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The method of analytic tableaux is a direct descendant of Gentzen's cutfree sequent calculus and is regarded as a paradigm of the notion of analytic deduction in classical logic. However, cutfree systems are anomalous from the prooftheoretical, the semantical and the computational point of view. Firstly, they cannot represent the use of auxiliary lemmas in proofs. Secondly, they cannot express the bivalence of classical logic. Thirdly, they are extremely inefficient, as is emphasized by the "computational scandal" that such systems cannot polynomially simulate the truthtables. None of these anomalies occurs if the cut rule is allowed. This raises the problem of formulating a proof system which incorporates a cut rule and yet can provide a suitable model of classical analytic deduction. For this purpose we present an alternative refutation system for classical logic, that we call KE. This system, though being "close" to Smullyan's tableau method, is not cutfree but includes a class...
Informationtheoretic Limitations of Formal Systems
 JOURNAL OF THE ACM
, 1974
"... An attempt is made to apply informationtheoretic computational complexity to metamathematics. The paper studies the number of bits of instructions that must be a given to a computer for it to perform finite and infinite tasks, and also the amount of time that it takes the computer to perform these ..."
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Cited by 47 (8 self)
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An attempt is made to apply informationtheoretic computational complexity to metamathematics. The paper studies the number of bits of instructions that must be a given to a computer for it to perform finite and infinite tasks, and also the amount of time that it takes the computer to perform these tasks. This is applied to measuring the difficulty of proving a given set of theorems, in terms of the number of bits of axioms that are assumed, and the size of the proofs needed to deduce the theorems from the axioms.
Programming in Lygon: An Overview
 ALGEBRAIC METHODOLOGY AND SOFTWARE TECHNOLOGY
, 1996
"... Recently, there has been much interest in the derivation of logic programming languages based on linear logic, a logic of resourceconsumption. Such languages provide a notion of resourceoriented programming, often leading to programs that are more elegant and concise than their equivalents in la ..."
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Cited by 40 (18 self)
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Recently, there has been much interest in the derivation of logic programming languages based on linear logic, a logic of resourceconsumption. Such languages provide a notion of resourceoriented programming, often leading to programs that are more elegant and concise than their equivalents in languages, such as Prolog, based on classical logics. We discuss, with examples, the design, implementation and applications of Lygon, a linear logic programming language. Lygon is based on a prooftheoretic analysis of which occurrences of the linear connectives provide an adequate basis for programming. In common with other linear logic programming languages, Lygon allows clauses to be used exactly once in a computation, thereby avoiding the need for the explicit resourcecounting often necessary in Prologlike languages. Indeed, it appears that resourcesensitivity leads to significant differences between the natural programming methodologies in Lygon and Prolog. Just as linear logic...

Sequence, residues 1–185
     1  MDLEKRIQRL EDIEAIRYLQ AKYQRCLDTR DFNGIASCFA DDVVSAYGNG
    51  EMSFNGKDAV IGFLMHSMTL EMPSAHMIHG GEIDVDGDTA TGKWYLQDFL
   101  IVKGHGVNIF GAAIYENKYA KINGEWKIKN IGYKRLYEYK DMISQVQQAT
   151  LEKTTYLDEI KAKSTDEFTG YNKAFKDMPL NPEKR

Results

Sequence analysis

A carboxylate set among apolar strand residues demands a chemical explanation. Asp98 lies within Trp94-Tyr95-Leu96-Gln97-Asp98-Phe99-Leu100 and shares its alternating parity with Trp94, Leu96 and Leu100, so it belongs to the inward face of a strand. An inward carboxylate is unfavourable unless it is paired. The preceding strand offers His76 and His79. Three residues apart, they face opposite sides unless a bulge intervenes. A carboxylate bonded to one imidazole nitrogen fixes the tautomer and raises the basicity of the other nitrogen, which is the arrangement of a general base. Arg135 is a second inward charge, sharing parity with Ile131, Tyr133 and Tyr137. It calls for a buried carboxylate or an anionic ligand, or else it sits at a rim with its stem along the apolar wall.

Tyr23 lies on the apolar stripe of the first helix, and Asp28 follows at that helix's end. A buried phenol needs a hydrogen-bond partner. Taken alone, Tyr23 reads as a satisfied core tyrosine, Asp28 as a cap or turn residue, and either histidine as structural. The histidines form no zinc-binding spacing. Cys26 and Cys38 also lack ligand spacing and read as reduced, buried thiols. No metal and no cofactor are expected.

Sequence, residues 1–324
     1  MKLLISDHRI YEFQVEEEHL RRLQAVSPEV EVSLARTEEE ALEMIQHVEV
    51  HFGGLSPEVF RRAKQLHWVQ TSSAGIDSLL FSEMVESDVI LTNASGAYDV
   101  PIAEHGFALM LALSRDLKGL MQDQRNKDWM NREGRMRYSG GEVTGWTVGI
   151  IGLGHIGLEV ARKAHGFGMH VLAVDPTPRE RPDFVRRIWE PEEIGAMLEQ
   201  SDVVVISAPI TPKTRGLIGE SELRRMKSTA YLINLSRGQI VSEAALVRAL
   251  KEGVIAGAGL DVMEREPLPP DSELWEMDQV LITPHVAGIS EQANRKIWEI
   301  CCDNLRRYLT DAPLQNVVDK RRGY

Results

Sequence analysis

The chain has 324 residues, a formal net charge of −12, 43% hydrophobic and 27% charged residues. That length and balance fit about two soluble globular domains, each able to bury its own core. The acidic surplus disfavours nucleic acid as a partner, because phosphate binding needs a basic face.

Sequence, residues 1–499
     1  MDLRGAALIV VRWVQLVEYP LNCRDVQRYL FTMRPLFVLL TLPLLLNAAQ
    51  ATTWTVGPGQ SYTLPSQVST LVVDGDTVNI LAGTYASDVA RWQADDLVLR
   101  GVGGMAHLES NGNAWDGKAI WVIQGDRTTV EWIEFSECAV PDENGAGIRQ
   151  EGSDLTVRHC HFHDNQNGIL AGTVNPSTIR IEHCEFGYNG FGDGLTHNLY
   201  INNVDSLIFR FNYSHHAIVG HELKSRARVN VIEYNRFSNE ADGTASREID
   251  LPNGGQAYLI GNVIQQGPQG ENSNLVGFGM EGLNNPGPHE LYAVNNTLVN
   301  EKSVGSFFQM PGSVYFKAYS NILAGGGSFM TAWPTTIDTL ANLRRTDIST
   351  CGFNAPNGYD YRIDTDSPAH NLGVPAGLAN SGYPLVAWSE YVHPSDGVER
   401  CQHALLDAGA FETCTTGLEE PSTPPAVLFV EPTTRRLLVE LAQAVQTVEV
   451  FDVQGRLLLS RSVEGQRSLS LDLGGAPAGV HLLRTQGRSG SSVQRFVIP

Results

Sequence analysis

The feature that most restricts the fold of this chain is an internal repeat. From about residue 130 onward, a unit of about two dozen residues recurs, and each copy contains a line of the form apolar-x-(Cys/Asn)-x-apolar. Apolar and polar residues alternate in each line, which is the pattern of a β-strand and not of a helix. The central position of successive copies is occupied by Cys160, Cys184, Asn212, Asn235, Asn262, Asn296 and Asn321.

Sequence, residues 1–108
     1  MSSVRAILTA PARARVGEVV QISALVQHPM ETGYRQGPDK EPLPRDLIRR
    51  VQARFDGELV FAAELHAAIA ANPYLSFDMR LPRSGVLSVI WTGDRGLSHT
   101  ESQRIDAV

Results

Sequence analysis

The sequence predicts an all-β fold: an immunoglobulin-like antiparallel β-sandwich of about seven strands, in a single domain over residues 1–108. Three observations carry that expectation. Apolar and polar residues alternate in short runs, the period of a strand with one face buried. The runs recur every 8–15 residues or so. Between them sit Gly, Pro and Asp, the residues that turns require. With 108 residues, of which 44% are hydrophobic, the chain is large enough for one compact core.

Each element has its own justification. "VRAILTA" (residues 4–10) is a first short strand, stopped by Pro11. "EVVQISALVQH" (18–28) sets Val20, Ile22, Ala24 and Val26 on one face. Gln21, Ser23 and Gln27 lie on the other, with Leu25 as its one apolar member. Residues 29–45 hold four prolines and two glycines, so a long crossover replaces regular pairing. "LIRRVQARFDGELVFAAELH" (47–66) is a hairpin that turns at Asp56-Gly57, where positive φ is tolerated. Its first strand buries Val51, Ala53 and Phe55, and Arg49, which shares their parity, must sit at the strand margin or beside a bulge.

How to Progress a Database (and Why) I. Logical Foundations
 In Proceedings of the Fourth International Conference on Principles of Knowledge Representation
, 1994
"... One way to think about STRIPS is as a mapping from databases to databases, in the following sense: Suppose we want to know what the world would be like if an action, represented by the STRIPS operator ff, were done in some world, represented by the STRIPS database D 0 . To find out, simply perform t ..."
Abstract

Cited by 30 (8 self)
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One way to think about STRIPS is as a mapping from databases to databases, in the following sense: Suppose we want to know what the world would be like if an action, represented by the STRIPS operator ff, were done in some world, represented by the STRIPS database D 0 . To find out, simply perform the operator ff on D 0 (by applying ff's elementary add and delete revision operators to D 0 ). We describe this process as progressing the database D 0 in response to the action ff. In this paper, we consider the general problem of progressing an initial database in response to a given sequence of actions. We appeal to the situation calculus and an axiomatization of actions which addresses the frame problem (Reiter [13], Lin and Reiter [8]). This setting is considerably more general than STRIPS. Our results concerning progression are mixed. The (surprising) bad news is that, in general, to characterize a progressed database we must appeal to second order logic. The good news is that there...
Knowledge provenance: An approach to modeling and maintaining the evolution and validity of knowledge
, 2003
"... www.eil.utoronto.ca ..."
A logic of subtyping
 In Proceedings of the Tenth Annual IEEE Symposium on Logic in Computer Science
, 1995
"... ..."